FCC Takes First Action Toward Undoing Net Neutrality Protections

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The Federal Communications Commission today passed a proposal that begins the process of unraveling the regulations currently protecting net neutrality.

The FCC voted 2-1 to advance a Notice of Proposed Rulemaking, a necessary step for an independent federal agency like the FCC to change or implement a rule or regulation. The NPRM lays out a plan that would remove the Internet’s current classification as a public utility and re-categorize it as “information service.” Such a rule change would open the door for Internet Service Providers to dramatically overhaul how they offer Internet service to their customers.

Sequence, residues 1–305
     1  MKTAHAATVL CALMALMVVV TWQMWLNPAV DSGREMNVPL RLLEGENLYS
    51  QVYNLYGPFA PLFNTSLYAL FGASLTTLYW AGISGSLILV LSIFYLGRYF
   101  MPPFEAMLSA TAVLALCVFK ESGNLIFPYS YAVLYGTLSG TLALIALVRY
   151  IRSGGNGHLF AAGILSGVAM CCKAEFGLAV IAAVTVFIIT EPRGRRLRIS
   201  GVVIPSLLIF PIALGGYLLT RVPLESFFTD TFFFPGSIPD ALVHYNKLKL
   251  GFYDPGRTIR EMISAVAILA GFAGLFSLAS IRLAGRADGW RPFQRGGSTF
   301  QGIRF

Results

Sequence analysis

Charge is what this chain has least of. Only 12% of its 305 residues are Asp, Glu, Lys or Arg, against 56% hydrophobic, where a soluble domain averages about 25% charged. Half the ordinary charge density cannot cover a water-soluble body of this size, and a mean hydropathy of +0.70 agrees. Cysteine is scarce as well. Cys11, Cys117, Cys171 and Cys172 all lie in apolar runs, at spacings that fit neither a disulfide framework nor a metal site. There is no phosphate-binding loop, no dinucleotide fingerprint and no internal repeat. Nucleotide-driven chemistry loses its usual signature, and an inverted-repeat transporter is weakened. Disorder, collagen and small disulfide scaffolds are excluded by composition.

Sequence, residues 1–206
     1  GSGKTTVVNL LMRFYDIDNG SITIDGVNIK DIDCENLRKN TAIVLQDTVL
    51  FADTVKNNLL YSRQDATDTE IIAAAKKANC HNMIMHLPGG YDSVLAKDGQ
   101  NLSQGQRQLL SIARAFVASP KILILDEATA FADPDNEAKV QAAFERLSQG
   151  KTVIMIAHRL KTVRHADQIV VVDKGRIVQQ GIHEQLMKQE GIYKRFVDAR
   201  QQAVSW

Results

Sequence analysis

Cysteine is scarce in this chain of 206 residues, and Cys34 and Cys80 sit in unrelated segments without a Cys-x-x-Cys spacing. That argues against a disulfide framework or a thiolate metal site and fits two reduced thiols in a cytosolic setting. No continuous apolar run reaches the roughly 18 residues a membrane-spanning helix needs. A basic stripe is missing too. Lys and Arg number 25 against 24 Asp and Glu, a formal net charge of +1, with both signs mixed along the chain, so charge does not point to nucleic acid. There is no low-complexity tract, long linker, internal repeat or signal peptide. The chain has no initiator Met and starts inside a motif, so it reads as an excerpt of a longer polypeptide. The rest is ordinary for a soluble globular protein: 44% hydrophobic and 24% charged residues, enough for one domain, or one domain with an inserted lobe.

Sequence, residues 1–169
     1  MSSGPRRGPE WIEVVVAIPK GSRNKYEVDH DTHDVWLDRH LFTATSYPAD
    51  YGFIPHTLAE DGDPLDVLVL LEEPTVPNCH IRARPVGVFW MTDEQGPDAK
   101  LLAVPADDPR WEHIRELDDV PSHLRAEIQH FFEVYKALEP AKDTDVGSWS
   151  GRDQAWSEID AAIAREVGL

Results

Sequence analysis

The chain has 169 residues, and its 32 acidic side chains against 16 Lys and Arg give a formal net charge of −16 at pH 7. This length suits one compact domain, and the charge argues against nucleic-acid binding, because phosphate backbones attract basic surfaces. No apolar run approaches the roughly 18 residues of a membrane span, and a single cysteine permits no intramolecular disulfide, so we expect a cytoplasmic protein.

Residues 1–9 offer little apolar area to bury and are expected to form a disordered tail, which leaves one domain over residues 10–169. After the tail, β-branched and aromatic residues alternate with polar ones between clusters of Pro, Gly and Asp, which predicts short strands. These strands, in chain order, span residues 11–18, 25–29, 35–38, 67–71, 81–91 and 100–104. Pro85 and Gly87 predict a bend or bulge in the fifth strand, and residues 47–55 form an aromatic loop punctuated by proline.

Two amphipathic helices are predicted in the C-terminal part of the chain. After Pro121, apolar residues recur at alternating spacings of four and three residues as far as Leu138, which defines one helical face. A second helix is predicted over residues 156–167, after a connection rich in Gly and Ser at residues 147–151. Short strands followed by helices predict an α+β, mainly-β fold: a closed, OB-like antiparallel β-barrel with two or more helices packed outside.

However, this is not a final verdict, and net neutrality is still intact for the time being. After passing the NPRM, the FCC now is obligated to open it to public comment for 90 days; go to this link to leave a comment. A final vote on the proposal is expected later this year.

The ACLU, the Electronic Frontier Foundation, and many more organizations have come out in support of net neutrality and have committed to fighting back against the FCC’s attempts to undo it.

Since 2015, the Internet has been classified as a telecommunications utility, regulated under parts of Title II of the Telecommunications Act. This act requires that ISPs behave in the common good, which in practice means that ISPs cannot prioritize the transfer of certain types of data.

In other words, without net neutrality, ISPs can theoretically change the speed of your Internet connection depending on if you’re, say, on Netflix, or if you’re using email. They could then create tiered payment plans for consumers, with only the top-paying customers getting high-speed access to “premium” websites.

by Alex Newhouse